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wkriski

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Posts: 117
Reply with quote  #1 
I've been looking at this pdf amongst others http://www.tedgreene.com/images/lessons/baroque/CycleOf4ths_2.pdf

It sounds amazing, I love the cycle of 4ths and noticed the common tone for each pair of chords. In the first two groups it's the highest voice, then for the next group the middle voice has common tones.

My question is how to use this for baroque - it seems the chords are major 7ths and minor 7ths would be more of a jazz context. In either case are we supposed to decorate each voice using the shapes?

Or if we look at part 3 pdf, the little chord shapes, just wondering what we should do with them as some other pdfs have more open triad voicings to use.

Are there any patterns for moving the bass, middle (saw some for the top voice) - some of these can be quite tricky to sustain as other voices move!

Thanks

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Will Kriski http://www.willkriski.com
Zorshelter

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Posts: 86
Reply with quote  #2 
I just looked at the first few chords and I'm no specialist but it shows you a very common progression in baroque with the "proper" preparation and resolution of the 7th of each chord (the third in the first chord pair becomes the 7th in the second chord and the 7th in the first chord becomes the 3rd of the second chord) I don't know the english term for that but it could be named a diatonic 7th march (walk)....anyway I think other forumites will chime in to further help you

Think it's frequently used between two themes, for non thematic passages in fugues etc.... and of course to modulate; please correct me if this doesn't make sense...

wkriski

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Posts: 117
Reply with quote  #3 
Thanks for the info and quick response! I understand the progressions and voice leading but was wondering how to make music from the progression, perhaps by adding melodic patterns.

Those were diatonic progressions so I'm not sure what you mean by they are used to modulate?

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Will Kriski http://www.willkriski.com
Zorshelter

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Posts: 86
Reply with quote  #4 
Ok, I consider Ted's sheet number 2 as a systematic "framework", the skeleton for making some kind music, it shows you how the 3rd and 7th resolve etc... the "rule" (which are more guidlines theorised by looking at the MUSIC made by composers than absolute rules...)

 For baroque music, you really had to prepare 7th,, 9th, 4th etc...to be "allowed" to play them, you could only "attack" directly the 7th on dominant chords, otherwise the 7th (or other non real tones = tones not contained in the basic triad) had to be heard in the previous harmony (chord) = preparation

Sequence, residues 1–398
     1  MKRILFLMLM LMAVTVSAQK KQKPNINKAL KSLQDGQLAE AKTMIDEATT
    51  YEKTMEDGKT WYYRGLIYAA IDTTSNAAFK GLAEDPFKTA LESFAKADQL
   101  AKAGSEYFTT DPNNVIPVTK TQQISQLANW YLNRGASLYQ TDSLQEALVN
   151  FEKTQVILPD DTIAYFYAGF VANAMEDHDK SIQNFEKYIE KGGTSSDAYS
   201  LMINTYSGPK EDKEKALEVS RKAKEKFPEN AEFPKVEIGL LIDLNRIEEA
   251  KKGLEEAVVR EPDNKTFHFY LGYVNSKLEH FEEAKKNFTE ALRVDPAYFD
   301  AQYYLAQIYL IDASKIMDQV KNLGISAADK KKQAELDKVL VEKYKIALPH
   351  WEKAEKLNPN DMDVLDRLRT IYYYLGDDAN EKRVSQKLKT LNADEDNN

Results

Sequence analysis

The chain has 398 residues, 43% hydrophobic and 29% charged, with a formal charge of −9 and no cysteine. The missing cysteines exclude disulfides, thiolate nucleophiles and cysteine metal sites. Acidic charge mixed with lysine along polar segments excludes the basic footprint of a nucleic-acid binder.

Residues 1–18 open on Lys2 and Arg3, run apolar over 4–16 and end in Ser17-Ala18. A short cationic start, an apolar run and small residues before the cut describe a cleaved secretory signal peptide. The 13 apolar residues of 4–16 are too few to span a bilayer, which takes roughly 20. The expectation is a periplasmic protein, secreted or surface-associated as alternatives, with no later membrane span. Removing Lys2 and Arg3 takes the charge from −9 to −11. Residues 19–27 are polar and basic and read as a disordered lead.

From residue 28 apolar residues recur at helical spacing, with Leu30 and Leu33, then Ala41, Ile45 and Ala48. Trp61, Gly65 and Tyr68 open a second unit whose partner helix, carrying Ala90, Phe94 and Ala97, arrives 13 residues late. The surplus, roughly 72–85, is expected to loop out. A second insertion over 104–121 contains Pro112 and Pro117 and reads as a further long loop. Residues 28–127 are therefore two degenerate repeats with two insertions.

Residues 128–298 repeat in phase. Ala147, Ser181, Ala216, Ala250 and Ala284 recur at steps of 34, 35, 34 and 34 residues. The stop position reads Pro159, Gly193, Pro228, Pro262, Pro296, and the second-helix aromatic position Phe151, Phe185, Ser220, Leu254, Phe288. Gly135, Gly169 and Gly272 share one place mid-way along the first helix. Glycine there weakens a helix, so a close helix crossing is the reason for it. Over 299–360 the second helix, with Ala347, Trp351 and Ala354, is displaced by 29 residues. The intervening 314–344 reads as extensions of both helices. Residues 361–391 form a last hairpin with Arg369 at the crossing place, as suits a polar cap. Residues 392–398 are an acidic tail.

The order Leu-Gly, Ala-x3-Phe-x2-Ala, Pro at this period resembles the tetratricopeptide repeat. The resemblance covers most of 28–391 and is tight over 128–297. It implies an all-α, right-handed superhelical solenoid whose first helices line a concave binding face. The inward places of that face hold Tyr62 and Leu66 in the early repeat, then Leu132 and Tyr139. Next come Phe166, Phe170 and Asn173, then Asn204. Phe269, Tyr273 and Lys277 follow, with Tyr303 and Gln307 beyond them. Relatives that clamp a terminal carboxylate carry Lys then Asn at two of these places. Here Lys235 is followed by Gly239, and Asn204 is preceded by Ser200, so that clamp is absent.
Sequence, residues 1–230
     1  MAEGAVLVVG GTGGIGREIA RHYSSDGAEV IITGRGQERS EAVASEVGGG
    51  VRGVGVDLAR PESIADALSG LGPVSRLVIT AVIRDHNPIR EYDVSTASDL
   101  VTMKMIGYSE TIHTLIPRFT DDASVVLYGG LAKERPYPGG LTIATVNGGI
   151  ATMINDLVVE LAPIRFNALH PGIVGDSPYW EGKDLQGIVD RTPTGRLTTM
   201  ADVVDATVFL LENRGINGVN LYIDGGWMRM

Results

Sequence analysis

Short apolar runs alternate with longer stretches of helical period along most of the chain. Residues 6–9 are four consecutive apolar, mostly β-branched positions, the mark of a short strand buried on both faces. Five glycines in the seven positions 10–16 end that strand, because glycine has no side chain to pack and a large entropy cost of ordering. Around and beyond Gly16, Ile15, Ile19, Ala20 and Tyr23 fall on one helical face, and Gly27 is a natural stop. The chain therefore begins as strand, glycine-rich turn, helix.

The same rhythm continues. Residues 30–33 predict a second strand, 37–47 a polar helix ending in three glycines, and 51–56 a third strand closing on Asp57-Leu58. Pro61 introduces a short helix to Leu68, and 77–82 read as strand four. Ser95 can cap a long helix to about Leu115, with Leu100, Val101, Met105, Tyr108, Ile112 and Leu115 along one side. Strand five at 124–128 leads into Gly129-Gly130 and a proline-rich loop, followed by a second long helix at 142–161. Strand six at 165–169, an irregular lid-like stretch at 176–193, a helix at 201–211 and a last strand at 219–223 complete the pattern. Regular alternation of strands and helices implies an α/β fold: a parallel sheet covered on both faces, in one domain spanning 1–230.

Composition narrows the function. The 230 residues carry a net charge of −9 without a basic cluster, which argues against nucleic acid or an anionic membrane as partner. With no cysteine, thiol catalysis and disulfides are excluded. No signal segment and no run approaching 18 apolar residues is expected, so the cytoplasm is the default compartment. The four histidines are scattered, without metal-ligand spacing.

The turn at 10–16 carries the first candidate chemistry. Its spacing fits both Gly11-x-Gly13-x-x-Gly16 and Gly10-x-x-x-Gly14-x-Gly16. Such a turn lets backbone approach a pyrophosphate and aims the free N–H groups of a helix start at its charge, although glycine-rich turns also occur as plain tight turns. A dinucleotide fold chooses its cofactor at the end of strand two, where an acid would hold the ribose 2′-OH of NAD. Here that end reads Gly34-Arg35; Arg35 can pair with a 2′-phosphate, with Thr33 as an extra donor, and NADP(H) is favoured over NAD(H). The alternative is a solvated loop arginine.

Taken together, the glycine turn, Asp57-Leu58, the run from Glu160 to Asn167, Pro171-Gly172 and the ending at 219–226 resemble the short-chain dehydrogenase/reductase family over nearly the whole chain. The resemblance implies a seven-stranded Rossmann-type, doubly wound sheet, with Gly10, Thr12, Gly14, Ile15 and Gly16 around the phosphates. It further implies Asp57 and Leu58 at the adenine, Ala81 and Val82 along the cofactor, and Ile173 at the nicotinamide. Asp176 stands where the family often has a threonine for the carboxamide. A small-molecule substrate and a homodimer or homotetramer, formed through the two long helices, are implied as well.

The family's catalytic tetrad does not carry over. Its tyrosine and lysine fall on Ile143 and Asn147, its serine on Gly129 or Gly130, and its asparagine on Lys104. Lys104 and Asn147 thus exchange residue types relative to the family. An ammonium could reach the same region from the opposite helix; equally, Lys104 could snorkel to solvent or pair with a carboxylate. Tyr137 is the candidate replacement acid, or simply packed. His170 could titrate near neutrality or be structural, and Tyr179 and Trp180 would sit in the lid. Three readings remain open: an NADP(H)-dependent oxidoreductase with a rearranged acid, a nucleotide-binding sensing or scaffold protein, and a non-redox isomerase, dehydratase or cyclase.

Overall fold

Then they had to be resolved, more often than not the note went down to the next diatonic note (or non diatonic if modulation occurs...) anyway too much shotcuts here but in baroque music you couldn't really play the first G7Maj chord as written in Ted's sheet, the 7th would have been previously prepared or at least played as a passing tone (G on the beat instead of F#, then passing tone (F#), going down to E on the C chord

As I understand in baroque music these chord sequences were all over the place, you first establish a melodic element, then to connect other parts you can fly through the circle to go to another thematic element.....(or other things), that would be diatonic for example. If you want to connect two parts of a piece you could use this cycle (1 tool among others) to modulate often by making one of the chord a dominant one...(again too much shortcuts and lots of great other tools and device to modulate)

So this sheet is really good to put these relations into your fingers and ears, it makes the relations really clear, you only have the skeleton to work with, after that, as you said you have to embelish these sequences (only limitations to stay in the baroque way of doing things would be to prepare and resolve the 7th + a few rules on 5ths and octave...)
Anyway, you can also try (I think it must be on other Ted's sheets) inverting the first chord of each pair (ex: G7M to C7M with bass B (1st inversion) to C etc...)

sorry for the long post hope you can get info from it but bear in mind that I know next to nothing, hum one more thing, often when "cycling" the melodic content and realisation of the chords (in which order notes of the chord are organised) is repeated (ex: you would play the same thing for each pair of chords (ex: G to C) and reproduce it for the next pair of chords (F# to Bm) till you decide to get out of the cycle.....)

Zorshelter

Registered:
Posts: 86
Reply with quote  #5 
Ok, I consider Ted's sheet number 2 as a systematic "framework", the skeleton for making some kind music, it shows you how the 3rd and 7th resolve etc... the "rule" (which are more guidlines theorised by looking at the MUSIC made by composers than absolute rules...)